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Grant v. Warner Music Group Corp.

United States District Court, S.D. New York

September 12, 2014

KYLE GRANT, individually and on behalf of other persons similarly situated who were employed by WARNER MUSIC GROUP CORP. and ATLANTIC RECORDING CORPORATION, Plaintiffs,
v.
WARNER MUSIC GROUP CORP., and ATLANTIC RECORDING CORPORATION, Defendants.

MEMORANDUM ORDER

PAUL G. GARDEPHE, District Judge.

In this putative collective action, Plaintiff Kyle Grant claims that Defendants Warner Music Group Corp. and Atlantic Recording Corporation have violated the Fair Labor Standards Act (the "FLSA"), 29 U.S.C. §§ 207 and 216(b), by misclassifying current and former interns as exempt from minimum wage and overtime requirements. (Cmplt. (Dkt. No. 1) ¶¶ 11, 32-33). Pending before the Court is Plaintiffs motion for leave to file a late jury demand. (Dkt. No. 52) For the reasons set forth below, Plaintiffs motion will be denied.

PROCEDURAL HISTORY

The Complaint in this action was filed on June 27, 2013; it contained no jury demand. (Cmplt. (Dkt. No. 1))

On July 19, 2013, September 19, 2013, and November 1, 2013, the parties entered into stipulations extending Defendants' time to answer. (Dkt. Nos. 9, 13 16) During that time, the parties pursued mediation. (See Dkt. Nos. 13, 16; Pltf. Br. (Dkt. No. 53) at 1) On November 26, 2013 - after it became clear that the mediation would not be successful - Plaintiffs counsel sent defense counsel a draft proposed Civil Case Management Plan and Scheduling Order. (Declaration of Defense Counsel Lyle S. Zuckerman ("Zuckerman Deel.") (Dkt. No. 55) ¶ 2) The draft CMP prepared by Plaintiffs counsel stated: "This case is not to be tried to a jury." ( Id., Ex. A (Dkt. No. 55-1) ¶ 2)

On December 2, 2013, Plaintiffs counsel submitted the parties' proposed CMP to the Court. (Dec. 2, 2013 Joint Ltr. (Dkt. No. 20) & Proposed CMP (Dkt. No. 20-1)) The joint proposed CMP likewise states that "[t]his case is not to be tried to a jury." (Proposed CMP (Dkt. No. 20-1) ¶ 2) The Court held an initial pre-trial conference on December 5, 2013. Although the conference was not transcribed, defense counsel acknowledges that Plaintiffs counsel stated at the conference "that the jury trial waiver set forth in the CMP had been inadvertent." (Def. Br. (Dkt. No. 54) at 3) At counsels' request, and to provide the parties with additional time to pursue settlement, the Court did not enter a CMP at that time.

On December 23, 2013, Defendants filed their Answer. (Dkt. No. 22) As discussed below, under Fed R. Civ. P. 38(b), a written jury demand must be made "no later than 14 days after the last pleading directed to the issue is served." Fed.R.Civ.P. 38(b). Accordingly, the deadline for Plaintiff to submit a jury demand was January 6, 2014. It is undisputed that Plaintiff did not submit a jury demand on or before January 6, 2014. (Pltf. Br. (Dkt. No. 53) at 2)

On January 28, 2014, Plaintiff filed a letter requesting leave to file a motion to amend the proposed CMP - which had not yet been entered by the Court - to include a jury demand. (Dkt. No. 24) The Court granted Plaintiff leave to file the motion (Dkt. No. 45), which is now fully briefed.[1] (Dkt. Nos. 52-57)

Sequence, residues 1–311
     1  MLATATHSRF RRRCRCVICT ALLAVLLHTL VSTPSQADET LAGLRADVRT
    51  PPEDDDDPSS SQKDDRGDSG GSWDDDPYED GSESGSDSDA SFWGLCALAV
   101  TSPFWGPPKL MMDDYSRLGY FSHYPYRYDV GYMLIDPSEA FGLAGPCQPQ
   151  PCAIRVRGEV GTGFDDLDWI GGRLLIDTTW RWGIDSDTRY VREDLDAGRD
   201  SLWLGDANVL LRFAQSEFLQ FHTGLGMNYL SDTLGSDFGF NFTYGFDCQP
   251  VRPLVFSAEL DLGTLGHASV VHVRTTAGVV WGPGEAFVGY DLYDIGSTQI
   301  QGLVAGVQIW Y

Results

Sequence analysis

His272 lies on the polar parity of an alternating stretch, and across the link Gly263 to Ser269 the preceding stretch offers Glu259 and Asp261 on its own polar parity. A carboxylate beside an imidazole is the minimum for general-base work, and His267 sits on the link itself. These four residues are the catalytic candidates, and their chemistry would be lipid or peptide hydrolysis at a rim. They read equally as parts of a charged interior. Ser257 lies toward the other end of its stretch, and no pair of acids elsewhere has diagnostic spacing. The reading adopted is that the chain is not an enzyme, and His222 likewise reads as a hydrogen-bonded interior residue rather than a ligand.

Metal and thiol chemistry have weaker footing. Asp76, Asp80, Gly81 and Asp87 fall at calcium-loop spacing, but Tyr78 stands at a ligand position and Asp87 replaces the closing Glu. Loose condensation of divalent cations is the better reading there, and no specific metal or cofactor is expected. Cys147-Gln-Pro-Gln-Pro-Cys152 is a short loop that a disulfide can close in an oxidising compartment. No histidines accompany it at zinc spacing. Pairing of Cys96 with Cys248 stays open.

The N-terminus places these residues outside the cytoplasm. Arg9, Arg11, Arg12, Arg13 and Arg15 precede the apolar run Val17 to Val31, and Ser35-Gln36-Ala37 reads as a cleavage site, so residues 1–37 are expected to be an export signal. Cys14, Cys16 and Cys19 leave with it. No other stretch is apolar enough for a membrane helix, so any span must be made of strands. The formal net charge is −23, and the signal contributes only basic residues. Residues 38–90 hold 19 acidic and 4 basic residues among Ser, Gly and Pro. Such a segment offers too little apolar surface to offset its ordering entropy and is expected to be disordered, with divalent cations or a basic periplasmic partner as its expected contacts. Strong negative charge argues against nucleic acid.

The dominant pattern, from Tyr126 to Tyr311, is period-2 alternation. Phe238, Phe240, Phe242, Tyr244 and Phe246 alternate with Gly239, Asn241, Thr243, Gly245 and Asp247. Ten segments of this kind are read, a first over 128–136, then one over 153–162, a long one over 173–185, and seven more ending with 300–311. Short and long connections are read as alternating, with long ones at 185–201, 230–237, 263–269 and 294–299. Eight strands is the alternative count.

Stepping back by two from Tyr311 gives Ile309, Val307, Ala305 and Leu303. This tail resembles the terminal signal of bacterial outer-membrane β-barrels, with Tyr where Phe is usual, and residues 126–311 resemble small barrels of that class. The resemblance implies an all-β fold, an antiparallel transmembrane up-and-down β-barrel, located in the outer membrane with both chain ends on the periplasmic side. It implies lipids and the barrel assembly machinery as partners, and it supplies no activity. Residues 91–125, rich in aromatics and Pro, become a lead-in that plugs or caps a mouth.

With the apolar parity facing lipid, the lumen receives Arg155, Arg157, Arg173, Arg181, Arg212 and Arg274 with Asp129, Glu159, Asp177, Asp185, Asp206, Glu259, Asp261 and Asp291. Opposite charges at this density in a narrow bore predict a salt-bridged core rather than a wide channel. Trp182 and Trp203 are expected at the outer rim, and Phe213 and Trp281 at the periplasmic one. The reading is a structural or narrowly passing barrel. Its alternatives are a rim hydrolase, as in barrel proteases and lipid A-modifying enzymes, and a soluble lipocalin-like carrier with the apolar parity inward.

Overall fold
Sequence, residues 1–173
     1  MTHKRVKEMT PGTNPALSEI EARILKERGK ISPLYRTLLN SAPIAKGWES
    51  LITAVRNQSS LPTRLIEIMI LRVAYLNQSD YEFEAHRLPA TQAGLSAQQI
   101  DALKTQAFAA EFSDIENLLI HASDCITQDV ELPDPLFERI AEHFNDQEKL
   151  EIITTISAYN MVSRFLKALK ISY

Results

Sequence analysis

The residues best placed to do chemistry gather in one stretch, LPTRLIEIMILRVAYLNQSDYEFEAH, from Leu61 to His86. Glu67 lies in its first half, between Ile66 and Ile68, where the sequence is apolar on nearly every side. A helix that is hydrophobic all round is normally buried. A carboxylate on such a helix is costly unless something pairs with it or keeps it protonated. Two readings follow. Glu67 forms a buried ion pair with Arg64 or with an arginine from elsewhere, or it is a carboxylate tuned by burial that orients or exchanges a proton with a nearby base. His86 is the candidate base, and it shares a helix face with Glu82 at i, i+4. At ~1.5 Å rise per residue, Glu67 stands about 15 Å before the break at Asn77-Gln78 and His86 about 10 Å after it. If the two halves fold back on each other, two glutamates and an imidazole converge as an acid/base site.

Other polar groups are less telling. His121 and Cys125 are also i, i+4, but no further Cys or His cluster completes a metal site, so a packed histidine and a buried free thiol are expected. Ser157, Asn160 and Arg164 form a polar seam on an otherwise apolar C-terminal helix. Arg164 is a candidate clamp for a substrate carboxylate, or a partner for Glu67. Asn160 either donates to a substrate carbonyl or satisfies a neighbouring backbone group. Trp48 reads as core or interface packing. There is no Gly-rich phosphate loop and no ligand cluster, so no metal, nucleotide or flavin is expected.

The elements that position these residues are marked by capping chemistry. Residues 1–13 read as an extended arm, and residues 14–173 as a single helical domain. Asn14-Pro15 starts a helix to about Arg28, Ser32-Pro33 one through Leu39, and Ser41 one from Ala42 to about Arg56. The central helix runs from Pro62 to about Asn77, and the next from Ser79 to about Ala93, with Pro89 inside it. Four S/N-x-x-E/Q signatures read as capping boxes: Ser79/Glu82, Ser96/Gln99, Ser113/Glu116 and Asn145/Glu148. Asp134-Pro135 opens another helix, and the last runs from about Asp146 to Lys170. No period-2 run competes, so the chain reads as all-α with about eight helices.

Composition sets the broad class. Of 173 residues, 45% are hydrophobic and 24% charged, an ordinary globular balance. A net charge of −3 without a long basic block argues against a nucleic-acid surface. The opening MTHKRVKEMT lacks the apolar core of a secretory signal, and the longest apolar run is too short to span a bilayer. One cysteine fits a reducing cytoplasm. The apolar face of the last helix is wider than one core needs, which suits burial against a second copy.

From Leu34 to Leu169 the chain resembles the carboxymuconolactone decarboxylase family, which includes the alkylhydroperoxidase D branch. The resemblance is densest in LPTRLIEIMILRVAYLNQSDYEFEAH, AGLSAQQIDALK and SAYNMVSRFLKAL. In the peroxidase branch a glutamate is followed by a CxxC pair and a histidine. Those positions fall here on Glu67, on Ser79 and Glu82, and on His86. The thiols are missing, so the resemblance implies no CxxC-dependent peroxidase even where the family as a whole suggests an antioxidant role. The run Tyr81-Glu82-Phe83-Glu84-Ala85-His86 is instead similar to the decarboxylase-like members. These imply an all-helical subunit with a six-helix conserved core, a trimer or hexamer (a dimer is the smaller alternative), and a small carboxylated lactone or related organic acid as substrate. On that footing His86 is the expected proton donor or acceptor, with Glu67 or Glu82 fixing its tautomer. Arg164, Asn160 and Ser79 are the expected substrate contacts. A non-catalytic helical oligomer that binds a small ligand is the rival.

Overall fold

DISCUSSION

I. LATE JURY DEMANDS UNDER FED. R. CIV. P. 39(b)

Fed. R. Civ. P. 38 provides that

[o]n any issue triable of right by a jury, a party may demand a jury trial by: (1) serving the other parties with a written demand - which may be included in a pleading - a no later than 14 days after the last pleading directed to the issue is served;...

Fed. R. Civ. P. 38(b). Fed.R.Civ.P. 39(b) states that "[i]ssues on which a jury trial is not properly demanded are to be tried by the court. But the court may, on motion, order a jury trial on any issue for which a jury might have been demanded." Fed.R.Civ.P. 39(b). While Rule 39(b) is silent as to the scope of the district court's discretion to grant late jury demands, the Second Circuit has stated that - where, as here, an action is originally filed in federal court - "the area open to the judge's discretion has shrunk to determining whether the moving party's showing beyond mere inadvertence is sufficient to justify relief." Noonan v. Cunard S.S. Co., 375 F.2d 69, 70 (2d Cir. 1967) (Friendly, C.J.); Westchester Day Sch. v. Vill. of Mamaroneck, 504 F.3d 338, 356-57 (2d Cir. 2007) ("[D]espite the discretionary language of Rule 39(b) some cause beyond mere inadvertence must be shown to permit granting an untimely demand.'" (quoting Higgins v. Boeing Co., 526 F.2d 1004, 1006 n.2 (2d Cir. 1975) (per curiam))); see also New Generation Produce Com. v. New York Supermarket, Inc., 2014 WL 1271156, at *3 (E.D.N.Y. March 26, 2014) ("the Noonan standard applies [to cases]... originating in federal court" (internal citation omitted)).[2] The logic of Noonan and its progeny is that where a plaintiff files suit in federal court, "it would not seem too exacting to expect that, having selected the forum, the plaintiff should be familiar with and abide by the procedures followed there." Cascone v. Ortho Pharm. Co., 702 F.2d 389, 392 (2d Cir. 1983).

Given that Plaintiff filed this action in federal court, the Noonan standard applies. New Generation Produce, 2014 WL 1271156, at *3. Plaintiff must therefore make a "showing beyond mere inadvertence" ...


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